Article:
Rob Lyons is deputy editor of spiked. His main writing interests are in science, health and environmental issues, including a column - ‘Don’t Panic!’ - that questioned many popular scare stories.
Science is simply the human attempt to understand the world, the better to use it for our benefit. In order to pursue science effectively, we have to do two, apparently contradictory things which illuminate what science is.
Firstly, we need to learn and understand the gains of science to date. Science is a social and historical activity. To see further, to paraphrase Newton, we must stand on the shoulders of giants. This is true of almost every field of human endeavour from music to cookery - the great innovators have usually started by engaging fully with what has been developed before. There’s no inspiration without the perspiration.
Secondly, we need to be sceptical and questioning of everything that has been said before. When scientific conclusions are accepted as unquestionable facts handed down to us from on high, we can never make progress. My favourite example of this is the discovery of the bacterium H.pylori by the Australians Robin Warren and Barry Marshall. If they had accepted the received wisdom that bacteria cannot survive in the acidic conditions of the stomach, they may not have discovered that this bacterium causes the majority of peptic and duodenal ulcers.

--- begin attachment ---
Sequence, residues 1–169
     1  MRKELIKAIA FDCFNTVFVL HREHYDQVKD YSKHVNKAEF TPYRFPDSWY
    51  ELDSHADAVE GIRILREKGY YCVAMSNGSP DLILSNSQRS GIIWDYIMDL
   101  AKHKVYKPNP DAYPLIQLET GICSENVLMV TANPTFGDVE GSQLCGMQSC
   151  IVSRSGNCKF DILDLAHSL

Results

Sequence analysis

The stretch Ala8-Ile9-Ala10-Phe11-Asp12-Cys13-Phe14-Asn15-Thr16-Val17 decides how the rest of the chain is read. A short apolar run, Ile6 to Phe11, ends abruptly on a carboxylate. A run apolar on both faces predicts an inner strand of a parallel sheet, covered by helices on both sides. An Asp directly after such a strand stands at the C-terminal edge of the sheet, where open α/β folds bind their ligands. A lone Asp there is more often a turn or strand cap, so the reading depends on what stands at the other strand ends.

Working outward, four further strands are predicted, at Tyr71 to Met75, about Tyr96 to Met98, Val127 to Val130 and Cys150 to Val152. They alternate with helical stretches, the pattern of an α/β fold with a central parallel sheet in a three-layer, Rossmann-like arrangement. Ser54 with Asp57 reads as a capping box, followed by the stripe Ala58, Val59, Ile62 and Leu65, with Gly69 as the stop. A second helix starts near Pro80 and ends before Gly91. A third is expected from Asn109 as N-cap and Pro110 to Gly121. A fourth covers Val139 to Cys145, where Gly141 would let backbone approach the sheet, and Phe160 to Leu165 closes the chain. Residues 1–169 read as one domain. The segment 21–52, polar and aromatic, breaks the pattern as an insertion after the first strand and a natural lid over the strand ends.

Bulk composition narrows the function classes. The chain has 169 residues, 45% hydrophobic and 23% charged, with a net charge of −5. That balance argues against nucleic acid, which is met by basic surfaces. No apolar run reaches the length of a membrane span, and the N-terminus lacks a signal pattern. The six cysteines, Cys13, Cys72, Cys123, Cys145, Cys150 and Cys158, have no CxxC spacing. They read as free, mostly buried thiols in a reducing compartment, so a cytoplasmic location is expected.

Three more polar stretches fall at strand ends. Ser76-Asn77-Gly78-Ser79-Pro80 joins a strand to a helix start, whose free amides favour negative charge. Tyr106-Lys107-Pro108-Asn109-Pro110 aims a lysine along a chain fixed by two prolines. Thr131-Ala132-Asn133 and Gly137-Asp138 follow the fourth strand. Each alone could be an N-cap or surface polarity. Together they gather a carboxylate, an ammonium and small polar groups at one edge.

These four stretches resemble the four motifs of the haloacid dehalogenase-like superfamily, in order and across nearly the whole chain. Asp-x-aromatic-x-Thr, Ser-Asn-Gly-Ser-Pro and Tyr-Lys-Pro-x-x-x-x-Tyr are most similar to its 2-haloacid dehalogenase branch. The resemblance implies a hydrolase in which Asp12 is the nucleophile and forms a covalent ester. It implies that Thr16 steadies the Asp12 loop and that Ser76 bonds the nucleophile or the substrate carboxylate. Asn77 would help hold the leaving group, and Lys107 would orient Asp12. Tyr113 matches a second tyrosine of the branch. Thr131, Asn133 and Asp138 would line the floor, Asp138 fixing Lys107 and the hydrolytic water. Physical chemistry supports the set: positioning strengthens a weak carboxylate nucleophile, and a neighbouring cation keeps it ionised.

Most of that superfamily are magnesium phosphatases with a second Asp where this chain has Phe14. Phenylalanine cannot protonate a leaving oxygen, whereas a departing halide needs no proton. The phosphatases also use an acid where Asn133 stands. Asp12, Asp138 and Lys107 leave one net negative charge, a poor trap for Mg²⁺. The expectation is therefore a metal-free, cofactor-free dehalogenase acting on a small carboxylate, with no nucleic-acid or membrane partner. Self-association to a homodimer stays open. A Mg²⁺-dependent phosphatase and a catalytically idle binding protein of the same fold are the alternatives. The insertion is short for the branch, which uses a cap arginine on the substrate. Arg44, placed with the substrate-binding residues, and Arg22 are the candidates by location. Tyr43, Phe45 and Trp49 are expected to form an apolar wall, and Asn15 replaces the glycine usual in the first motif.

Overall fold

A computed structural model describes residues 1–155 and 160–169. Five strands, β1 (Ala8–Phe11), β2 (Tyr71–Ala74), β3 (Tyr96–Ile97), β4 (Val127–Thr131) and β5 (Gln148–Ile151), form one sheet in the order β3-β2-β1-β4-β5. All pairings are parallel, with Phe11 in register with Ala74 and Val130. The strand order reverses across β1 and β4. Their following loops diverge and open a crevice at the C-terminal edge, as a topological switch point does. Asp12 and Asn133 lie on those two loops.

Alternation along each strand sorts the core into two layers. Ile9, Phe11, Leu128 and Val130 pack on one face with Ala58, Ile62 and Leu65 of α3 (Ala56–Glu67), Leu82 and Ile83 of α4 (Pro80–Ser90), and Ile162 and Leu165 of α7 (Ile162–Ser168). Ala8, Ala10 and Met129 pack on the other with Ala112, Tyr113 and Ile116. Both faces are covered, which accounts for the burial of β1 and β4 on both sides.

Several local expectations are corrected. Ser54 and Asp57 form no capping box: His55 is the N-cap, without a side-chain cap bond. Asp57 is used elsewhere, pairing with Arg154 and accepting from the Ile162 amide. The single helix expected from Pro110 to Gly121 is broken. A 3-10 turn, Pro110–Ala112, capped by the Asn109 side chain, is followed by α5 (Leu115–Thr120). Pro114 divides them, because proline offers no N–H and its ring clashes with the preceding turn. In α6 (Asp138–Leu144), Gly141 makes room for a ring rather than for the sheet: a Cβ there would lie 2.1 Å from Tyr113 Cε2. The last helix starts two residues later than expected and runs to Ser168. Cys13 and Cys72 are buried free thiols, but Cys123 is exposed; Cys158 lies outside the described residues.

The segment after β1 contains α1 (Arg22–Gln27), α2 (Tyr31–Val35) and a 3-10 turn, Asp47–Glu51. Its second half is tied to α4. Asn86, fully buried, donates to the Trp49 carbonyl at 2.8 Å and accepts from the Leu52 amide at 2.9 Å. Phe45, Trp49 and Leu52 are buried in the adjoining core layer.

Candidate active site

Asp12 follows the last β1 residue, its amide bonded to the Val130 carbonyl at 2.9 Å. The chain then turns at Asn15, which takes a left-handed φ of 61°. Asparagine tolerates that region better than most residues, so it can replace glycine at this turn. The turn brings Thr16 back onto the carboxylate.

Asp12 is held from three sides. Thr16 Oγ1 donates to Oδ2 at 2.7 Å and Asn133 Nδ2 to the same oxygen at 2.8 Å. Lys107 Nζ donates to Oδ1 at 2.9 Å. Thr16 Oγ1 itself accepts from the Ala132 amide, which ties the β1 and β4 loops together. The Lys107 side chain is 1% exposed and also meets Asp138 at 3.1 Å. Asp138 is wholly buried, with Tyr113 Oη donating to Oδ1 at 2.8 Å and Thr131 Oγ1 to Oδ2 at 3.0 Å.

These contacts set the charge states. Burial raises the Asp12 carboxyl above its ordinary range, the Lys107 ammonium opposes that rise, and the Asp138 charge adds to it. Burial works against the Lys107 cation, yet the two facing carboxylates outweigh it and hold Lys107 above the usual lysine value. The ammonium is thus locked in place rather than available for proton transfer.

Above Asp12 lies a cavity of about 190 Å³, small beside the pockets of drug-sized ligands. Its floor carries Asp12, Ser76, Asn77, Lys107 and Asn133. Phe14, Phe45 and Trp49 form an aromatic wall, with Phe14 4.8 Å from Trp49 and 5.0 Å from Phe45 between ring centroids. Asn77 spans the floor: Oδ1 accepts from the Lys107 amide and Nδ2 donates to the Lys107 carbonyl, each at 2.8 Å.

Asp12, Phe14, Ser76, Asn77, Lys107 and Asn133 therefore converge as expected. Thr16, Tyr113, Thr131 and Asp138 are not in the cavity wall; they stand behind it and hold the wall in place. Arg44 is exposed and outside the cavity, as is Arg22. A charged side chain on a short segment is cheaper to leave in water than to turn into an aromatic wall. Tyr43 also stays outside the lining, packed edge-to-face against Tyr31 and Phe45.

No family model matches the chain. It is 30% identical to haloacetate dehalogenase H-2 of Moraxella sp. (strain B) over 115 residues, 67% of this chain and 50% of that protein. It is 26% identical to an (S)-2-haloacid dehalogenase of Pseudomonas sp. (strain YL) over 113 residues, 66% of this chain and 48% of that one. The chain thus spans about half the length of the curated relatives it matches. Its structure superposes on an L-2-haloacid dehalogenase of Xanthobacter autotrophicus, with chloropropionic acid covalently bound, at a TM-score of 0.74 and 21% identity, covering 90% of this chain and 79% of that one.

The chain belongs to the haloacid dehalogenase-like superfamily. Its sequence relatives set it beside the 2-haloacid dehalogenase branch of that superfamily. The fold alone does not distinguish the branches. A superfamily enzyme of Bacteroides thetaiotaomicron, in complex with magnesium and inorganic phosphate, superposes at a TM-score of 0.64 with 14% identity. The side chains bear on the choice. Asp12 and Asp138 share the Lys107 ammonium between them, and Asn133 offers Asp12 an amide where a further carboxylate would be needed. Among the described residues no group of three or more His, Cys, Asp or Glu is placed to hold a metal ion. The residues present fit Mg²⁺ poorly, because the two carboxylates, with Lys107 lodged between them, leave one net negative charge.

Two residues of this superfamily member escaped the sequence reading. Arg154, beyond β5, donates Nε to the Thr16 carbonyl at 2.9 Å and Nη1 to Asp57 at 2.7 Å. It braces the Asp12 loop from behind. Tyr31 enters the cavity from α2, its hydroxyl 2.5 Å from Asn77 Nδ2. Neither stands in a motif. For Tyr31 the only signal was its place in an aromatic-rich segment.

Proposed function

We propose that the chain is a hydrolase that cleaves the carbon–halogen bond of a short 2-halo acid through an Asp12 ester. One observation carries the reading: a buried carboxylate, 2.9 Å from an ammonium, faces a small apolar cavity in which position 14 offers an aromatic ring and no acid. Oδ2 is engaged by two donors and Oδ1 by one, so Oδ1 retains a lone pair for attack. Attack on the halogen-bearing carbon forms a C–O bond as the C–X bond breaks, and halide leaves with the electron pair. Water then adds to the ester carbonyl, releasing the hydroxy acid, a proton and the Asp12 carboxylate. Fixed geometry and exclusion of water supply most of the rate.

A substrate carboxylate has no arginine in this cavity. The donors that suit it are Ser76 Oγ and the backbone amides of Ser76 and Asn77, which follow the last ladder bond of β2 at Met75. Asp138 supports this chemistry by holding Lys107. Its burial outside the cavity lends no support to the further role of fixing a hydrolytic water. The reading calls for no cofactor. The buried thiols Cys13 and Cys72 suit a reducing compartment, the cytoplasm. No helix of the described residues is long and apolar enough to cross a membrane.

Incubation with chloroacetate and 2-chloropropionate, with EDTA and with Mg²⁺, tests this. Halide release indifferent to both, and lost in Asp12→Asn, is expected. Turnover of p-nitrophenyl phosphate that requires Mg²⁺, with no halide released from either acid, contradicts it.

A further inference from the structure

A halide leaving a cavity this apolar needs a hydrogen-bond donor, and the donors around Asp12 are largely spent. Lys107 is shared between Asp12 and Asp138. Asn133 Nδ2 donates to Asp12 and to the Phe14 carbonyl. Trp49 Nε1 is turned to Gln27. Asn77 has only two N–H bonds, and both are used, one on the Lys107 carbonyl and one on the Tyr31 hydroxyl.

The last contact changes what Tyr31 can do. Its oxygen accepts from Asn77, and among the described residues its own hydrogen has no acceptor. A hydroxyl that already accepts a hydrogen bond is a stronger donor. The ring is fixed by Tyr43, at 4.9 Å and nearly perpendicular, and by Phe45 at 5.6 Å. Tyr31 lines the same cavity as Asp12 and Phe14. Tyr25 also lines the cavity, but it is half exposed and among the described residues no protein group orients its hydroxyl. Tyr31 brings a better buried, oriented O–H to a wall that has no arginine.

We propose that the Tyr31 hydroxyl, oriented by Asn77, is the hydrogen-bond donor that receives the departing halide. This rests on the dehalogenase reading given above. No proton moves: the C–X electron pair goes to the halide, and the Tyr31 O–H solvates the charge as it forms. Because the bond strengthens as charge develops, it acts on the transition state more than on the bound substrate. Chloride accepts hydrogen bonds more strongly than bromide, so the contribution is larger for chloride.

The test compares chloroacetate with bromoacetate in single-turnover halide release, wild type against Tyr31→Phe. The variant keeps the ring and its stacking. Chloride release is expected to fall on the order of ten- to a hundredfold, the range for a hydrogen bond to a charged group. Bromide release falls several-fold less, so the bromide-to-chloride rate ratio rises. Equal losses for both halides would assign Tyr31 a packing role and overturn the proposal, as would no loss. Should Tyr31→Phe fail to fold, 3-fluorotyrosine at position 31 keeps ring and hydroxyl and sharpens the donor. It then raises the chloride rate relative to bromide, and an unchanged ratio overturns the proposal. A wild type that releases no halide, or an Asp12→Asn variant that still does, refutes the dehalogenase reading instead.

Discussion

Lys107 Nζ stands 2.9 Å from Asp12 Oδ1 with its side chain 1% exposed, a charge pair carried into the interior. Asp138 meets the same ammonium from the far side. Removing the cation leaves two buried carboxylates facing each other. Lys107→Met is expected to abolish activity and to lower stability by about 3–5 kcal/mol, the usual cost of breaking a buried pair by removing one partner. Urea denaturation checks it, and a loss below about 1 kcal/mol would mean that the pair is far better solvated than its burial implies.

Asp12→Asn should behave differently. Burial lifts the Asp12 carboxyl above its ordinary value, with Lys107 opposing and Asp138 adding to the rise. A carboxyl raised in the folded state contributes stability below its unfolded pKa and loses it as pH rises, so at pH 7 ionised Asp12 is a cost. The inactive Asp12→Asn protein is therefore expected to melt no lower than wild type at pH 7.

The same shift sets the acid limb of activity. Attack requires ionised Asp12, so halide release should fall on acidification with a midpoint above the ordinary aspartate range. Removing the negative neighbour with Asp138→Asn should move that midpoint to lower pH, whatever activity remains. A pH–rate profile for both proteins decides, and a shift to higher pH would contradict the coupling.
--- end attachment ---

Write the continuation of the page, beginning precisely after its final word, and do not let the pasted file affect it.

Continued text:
Science is an object lesson in the necessary skills to grapple with a great variety of the problems facing society today.
And yet, we should also ask ‘why not science?’ The conclusions of scientific research are essential to inform policy, but science cannot decide policy. To understand that the world is getting warmer does not determine what we should do about it. To know that smoking can be bad for you doesn’t demand that smoking should be banned. These are complex political, social and moral questions. If we tackle them in the spirit of informed scepticism that science demonstrates so well, we are more likely to come to better conclusions. That is one reason why an understanding of scientific method, and the gains it can bring, would benefit everyone.